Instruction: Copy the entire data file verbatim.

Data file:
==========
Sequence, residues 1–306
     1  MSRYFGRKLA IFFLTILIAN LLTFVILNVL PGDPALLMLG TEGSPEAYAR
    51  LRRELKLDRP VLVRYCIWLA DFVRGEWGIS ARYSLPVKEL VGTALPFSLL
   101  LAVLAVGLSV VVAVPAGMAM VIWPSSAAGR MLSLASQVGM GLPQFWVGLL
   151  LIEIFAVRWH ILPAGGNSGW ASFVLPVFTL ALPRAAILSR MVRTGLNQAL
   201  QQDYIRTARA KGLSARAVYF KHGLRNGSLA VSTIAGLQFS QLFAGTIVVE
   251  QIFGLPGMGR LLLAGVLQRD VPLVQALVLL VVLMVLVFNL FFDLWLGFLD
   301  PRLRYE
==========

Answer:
Sequence, residues 1–306
     1  MSRYFGRKLA IFFLTILIAN LLTFVILNVL PGDPALLMLG TEGSPEAYAR
    51  LRRELKLDRP VLVRYCIWLA DFVRGEWGIS ARYSLPVKEL VGTALPFSLL
   101  LAVLAVGLSV VVAVPAGMAM VIWPSSAAGR MLSLASQVGM GLPQFWVGLL
   151  LIEIFAVRWH ILPAGGNSGW ASFVLPVFTL ALPRAAILSR MVRTGLNQAL
   201  QQDYIRTARA KGLSARAVYF KHGLRNGSLA VSTIAGLQFS QLFAGTIVVE
   251  QIFGLPGMGR LLLAGVLQRD VPLVQALVLL VVLMVLVFNL FFDLWLGFLD
   301  PRLRYE